Giant Bugs Eaten Out of Existence by First Birds?
Without avian predators, bugs today would be much bigger, study says.
Today insects are among the smallest creatures on Earth, but about 300 million years ago, huge bugs were fairly common. The dragonfly-like griffinfly, for example, had a wingspan of about 28 inches (70 centimeters)—"a little bit smaller than a crow's," study co-author Matthew Clapham said. Today's widest-winged insects are butterfly and moth species that span about a foot (30 centimeters).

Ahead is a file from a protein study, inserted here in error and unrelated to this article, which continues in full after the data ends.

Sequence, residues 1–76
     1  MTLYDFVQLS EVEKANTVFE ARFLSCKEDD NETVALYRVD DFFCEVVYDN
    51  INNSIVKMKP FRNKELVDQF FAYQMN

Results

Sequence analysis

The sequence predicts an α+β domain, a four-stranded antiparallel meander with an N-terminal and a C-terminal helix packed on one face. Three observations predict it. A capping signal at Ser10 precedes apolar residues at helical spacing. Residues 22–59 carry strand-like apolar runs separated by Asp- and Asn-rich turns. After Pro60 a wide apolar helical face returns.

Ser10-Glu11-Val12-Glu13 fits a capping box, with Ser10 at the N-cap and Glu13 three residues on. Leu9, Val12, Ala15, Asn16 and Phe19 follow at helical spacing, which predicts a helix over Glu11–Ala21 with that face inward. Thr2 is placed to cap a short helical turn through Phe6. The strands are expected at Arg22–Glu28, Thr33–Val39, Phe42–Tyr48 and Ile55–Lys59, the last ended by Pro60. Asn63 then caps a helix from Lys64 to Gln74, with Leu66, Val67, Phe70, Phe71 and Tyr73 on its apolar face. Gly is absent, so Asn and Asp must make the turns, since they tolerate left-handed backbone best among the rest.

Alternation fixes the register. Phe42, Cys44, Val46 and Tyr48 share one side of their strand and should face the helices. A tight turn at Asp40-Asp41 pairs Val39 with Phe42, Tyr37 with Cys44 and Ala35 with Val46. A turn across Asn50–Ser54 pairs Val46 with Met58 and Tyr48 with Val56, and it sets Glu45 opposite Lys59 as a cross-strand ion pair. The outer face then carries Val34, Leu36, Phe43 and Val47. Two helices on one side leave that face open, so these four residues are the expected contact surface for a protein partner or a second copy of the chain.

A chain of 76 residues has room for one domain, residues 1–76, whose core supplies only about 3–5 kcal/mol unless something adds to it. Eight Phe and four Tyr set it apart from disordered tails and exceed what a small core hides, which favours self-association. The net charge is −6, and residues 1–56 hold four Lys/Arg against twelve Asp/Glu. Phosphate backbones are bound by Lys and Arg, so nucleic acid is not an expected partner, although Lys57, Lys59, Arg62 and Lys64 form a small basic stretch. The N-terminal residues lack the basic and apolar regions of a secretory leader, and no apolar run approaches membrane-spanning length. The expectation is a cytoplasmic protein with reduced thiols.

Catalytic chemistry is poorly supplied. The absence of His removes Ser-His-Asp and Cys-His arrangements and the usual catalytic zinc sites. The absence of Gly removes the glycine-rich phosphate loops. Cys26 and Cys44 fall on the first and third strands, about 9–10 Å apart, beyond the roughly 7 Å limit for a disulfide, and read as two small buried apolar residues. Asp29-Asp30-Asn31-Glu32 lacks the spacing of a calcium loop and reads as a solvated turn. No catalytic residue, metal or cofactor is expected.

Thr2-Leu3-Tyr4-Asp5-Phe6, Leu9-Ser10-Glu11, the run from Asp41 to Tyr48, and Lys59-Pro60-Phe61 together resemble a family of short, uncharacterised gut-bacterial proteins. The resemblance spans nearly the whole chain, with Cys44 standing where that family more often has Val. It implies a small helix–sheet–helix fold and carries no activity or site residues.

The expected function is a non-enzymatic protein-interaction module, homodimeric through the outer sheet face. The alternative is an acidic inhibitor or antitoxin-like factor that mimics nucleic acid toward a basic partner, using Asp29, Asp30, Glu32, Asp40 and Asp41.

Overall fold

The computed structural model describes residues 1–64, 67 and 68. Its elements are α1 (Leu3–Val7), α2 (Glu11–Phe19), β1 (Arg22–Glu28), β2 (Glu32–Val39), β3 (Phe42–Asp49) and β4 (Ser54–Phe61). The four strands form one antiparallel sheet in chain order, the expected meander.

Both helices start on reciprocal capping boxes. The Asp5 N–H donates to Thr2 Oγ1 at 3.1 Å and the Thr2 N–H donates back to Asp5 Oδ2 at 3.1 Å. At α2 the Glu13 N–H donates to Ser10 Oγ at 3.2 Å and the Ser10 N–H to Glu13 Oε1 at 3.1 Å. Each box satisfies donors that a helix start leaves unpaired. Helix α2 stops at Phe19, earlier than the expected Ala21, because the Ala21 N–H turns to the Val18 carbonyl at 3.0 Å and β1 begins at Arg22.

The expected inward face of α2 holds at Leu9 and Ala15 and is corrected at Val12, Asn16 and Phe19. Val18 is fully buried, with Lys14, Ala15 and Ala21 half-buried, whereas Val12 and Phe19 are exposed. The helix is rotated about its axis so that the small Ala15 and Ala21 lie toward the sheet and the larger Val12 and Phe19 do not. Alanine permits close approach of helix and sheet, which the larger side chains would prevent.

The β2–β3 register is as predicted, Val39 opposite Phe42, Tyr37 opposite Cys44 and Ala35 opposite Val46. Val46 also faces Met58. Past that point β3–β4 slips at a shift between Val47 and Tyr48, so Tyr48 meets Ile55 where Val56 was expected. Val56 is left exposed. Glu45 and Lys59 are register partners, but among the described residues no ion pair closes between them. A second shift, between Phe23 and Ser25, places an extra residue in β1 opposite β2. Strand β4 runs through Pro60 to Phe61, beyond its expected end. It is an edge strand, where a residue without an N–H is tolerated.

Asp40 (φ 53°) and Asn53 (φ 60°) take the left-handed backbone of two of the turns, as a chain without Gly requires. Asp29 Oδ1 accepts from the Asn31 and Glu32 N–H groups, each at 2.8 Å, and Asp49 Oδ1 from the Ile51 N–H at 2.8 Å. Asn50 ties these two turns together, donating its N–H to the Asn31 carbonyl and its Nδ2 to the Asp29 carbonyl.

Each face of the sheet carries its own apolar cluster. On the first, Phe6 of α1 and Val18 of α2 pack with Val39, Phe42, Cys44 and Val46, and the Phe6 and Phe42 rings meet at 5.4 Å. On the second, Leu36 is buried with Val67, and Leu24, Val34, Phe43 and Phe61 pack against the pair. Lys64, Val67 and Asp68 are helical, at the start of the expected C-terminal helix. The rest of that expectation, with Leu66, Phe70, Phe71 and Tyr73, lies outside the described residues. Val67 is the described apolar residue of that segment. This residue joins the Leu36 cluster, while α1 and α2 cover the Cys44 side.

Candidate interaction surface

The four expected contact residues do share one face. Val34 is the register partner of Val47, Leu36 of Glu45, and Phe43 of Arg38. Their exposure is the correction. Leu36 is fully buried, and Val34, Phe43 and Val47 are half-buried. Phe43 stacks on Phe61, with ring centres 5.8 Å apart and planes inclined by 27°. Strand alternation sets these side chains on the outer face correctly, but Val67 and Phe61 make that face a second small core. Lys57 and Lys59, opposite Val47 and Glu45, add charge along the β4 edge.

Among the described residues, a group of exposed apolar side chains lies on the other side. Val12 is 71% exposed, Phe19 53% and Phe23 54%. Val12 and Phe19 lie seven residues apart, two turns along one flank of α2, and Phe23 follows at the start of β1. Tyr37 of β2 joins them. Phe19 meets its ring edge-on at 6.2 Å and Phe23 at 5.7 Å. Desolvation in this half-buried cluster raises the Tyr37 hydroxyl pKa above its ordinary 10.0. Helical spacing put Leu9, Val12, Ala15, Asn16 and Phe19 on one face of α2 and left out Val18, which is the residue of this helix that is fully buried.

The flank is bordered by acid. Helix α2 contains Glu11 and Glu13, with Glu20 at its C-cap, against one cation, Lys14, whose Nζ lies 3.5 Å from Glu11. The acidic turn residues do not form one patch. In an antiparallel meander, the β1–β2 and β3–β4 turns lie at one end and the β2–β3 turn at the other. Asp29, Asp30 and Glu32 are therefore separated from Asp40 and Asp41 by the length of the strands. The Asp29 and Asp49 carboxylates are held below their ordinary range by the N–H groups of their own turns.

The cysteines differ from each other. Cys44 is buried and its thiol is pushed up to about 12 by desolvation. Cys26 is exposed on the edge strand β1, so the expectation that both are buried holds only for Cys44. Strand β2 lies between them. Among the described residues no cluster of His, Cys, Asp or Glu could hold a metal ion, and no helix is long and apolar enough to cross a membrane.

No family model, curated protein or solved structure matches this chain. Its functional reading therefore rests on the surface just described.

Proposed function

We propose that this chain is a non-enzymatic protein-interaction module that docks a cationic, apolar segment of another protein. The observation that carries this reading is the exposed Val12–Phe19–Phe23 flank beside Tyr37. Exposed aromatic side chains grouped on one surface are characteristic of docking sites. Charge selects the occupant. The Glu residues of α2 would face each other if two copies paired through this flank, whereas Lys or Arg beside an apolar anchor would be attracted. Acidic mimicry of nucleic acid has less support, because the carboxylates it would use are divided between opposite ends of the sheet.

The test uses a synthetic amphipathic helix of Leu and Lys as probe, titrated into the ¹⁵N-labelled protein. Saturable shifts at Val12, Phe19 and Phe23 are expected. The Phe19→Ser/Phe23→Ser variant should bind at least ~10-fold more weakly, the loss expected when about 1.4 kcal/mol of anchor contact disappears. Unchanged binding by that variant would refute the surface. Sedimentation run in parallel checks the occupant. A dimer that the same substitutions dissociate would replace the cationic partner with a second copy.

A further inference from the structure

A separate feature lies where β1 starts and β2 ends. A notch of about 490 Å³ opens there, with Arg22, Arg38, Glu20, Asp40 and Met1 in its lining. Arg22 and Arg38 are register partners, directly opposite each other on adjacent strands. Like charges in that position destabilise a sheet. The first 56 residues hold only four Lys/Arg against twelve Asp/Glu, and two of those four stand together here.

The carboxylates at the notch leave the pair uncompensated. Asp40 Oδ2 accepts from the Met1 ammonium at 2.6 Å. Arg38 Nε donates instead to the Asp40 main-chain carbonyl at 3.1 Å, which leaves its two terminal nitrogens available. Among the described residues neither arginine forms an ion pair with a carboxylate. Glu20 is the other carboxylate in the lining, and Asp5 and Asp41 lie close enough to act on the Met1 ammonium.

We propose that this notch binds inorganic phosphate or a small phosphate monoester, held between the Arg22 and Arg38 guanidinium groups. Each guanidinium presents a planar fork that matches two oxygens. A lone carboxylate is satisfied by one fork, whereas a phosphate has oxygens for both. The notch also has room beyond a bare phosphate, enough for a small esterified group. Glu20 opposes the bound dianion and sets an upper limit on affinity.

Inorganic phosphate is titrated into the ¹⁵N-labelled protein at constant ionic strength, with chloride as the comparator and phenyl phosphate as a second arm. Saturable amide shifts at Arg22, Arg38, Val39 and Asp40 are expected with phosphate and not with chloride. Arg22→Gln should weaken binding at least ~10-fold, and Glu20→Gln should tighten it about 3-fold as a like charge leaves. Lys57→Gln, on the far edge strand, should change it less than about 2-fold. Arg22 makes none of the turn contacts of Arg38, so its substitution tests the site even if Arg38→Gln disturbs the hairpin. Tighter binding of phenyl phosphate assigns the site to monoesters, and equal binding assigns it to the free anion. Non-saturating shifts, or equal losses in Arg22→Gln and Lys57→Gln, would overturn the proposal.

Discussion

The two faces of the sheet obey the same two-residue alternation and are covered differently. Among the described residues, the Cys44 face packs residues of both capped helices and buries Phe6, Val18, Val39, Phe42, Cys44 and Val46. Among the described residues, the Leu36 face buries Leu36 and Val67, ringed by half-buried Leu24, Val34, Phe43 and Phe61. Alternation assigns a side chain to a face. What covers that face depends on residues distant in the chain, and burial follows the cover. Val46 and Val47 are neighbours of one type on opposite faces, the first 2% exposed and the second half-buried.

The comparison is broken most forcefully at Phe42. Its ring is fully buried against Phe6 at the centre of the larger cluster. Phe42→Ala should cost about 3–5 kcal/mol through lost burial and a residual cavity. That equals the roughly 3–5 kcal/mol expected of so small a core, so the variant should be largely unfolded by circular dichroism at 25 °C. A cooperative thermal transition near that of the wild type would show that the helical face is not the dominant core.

The prehistoric bugs' incredible growth was fueled by an atmosphere that was more than 30 percent oxygen, compared with 21 percent today, experts say. The extra oxygen gave bugs more energy per breath, allowing them to power bigger bodies.
(Related: "Did Rising Oxygen Levels Fuel Mammal Evolution?")
In the new study, Clapham and a colleague created a wingspan database for more